The Pirate Lord is a reissue originally published in 1998 and a good, swashbuckling story. Miss Sara Willis is a reforming young woman who causes endless headaches for her stepbrother, the Earl of Blackmore. Her latest scheme is to travel on a convict ship full of women to make note of the conditions, give them some education, and to try to ensure their safety when landing in the antipodes. She manages to persuade her stepbrother to allow her on the ship, but he makes sure one of the crew is going to look after her.
No one expects the ship to be boarded by pirates and the women to be kidnapped. Captain Gideon Horne, known as the Pirate Lord,
hates the English aristocracy and has plundered many ships belonging to nobles. However, he and his pirate crew want to settle down on the island paradise they have found - but not without women. When they discover the convict ship full of women, it's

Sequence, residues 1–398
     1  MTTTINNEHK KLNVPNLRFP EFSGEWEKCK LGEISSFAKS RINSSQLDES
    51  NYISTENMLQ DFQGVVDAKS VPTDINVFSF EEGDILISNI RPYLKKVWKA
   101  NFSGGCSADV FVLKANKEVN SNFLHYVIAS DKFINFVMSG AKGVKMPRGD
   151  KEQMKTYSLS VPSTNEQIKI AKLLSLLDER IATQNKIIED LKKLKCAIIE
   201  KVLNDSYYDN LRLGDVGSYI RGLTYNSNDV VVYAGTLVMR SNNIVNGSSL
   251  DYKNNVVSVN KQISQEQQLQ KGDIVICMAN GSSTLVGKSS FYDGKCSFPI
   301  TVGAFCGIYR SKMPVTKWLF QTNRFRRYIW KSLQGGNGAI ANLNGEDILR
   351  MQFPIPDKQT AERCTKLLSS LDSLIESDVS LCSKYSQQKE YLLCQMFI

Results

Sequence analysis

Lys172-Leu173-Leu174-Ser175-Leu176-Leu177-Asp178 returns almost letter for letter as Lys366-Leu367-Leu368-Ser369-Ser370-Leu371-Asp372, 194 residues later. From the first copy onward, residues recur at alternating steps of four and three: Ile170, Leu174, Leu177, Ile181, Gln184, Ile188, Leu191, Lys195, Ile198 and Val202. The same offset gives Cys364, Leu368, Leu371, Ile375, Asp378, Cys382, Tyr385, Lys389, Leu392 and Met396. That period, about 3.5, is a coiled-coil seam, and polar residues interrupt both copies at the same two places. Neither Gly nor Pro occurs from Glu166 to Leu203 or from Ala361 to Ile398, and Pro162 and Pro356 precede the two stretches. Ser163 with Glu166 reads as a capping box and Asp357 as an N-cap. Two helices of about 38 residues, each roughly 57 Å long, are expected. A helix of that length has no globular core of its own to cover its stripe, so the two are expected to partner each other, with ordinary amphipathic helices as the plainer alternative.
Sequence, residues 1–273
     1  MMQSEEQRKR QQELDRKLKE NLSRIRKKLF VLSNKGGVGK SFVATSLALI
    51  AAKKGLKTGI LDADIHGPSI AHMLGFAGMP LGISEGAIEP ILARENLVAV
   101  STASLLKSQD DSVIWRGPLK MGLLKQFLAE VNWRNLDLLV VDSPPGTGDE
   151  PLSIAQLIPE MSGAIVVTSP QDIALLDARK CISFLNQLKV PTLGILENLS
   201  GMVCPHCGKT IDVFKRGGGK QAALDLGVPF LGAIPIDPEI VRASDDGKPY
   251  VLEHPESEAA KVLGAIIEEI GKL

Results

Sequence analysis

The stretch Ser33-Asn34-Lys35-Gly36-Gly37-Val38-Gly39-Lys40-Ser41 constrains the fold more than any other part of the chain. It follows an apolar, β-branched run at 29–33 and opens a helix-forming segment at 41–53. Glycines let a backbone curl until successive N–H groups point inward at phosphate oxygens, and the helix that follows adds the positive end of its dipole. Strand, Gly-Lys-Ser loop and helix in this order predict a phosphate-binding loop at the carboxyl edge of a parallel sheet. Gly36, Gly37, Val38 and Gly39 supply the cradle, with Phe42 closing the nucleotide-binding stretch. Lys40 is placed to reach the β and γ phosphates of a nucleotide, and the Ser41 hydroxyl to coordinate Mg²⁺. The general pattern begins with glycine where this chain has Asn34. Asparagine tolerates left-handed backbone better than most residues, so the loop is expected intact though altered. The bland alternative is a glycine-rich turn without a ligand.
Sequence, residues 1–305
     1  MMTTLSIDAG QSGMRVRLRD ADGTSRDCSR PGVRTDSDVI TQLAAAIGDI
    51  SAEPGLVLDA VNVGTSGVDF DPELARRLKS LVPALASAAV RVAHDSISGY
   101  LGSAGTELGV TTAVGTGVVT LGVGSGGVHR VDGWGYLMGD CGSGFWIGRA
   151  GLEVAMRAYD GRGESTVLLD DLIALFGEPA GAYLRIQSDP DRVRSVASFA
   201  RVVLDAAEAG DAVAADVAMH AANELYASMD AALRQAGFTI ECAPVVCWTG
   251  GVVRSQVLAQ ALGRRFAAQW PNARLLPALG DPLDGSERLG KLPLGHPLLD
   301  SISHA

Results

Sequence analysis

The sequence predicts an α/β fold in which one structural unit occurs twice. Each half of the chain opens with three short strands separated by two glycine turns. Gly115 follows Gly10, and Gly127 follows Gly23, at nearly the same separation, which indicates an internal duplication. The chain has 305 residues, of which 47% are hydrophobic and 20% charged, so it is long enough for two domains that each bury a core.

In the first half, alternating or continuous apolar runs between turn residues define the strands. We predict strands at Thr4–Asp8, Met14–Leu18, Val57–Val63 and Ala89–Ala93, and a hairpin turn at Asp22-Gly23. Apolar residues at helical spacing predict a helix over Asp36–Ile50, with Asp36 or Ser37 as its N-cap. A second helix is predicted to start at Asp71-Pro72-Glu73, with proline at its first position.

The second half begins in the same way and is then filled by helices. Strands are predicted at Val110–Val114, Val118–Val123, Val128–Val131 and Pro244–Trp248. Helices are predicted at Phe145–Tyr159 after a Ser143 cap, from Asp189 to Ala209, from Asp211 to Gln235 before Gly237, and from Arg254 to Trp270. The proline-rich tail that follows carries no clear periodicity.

too good an opportunity to miss.
But Gideon hasn't reckoned on Sara Willis and her care for the women. Sara and Gideon are locked in a battle of wills as she tries to protect the women and he tries to encourage them to live the utopian life on his island, Atlantis. Gideon and Sara might be getting more than they bargained for when they spend so much time together - can Gideon's distrust of the aristocracy and the wounds of childhood be overcome? Can Sara find happiness so far from her life in England?
The Pirate Lord
is an enjoyable story if rather far-fetched (I can't imagine any brother would have allowed his sister to be a passenger on a convict ship, for example).
While interesting, many characters seem stereotypical, but the central love story works quite well, and the verbal sparring between Sara and Gideon
is well-written. The revelations about Gideon's past are perhaps rather too convenient
to fit this story, but overall it is an enjoyable read.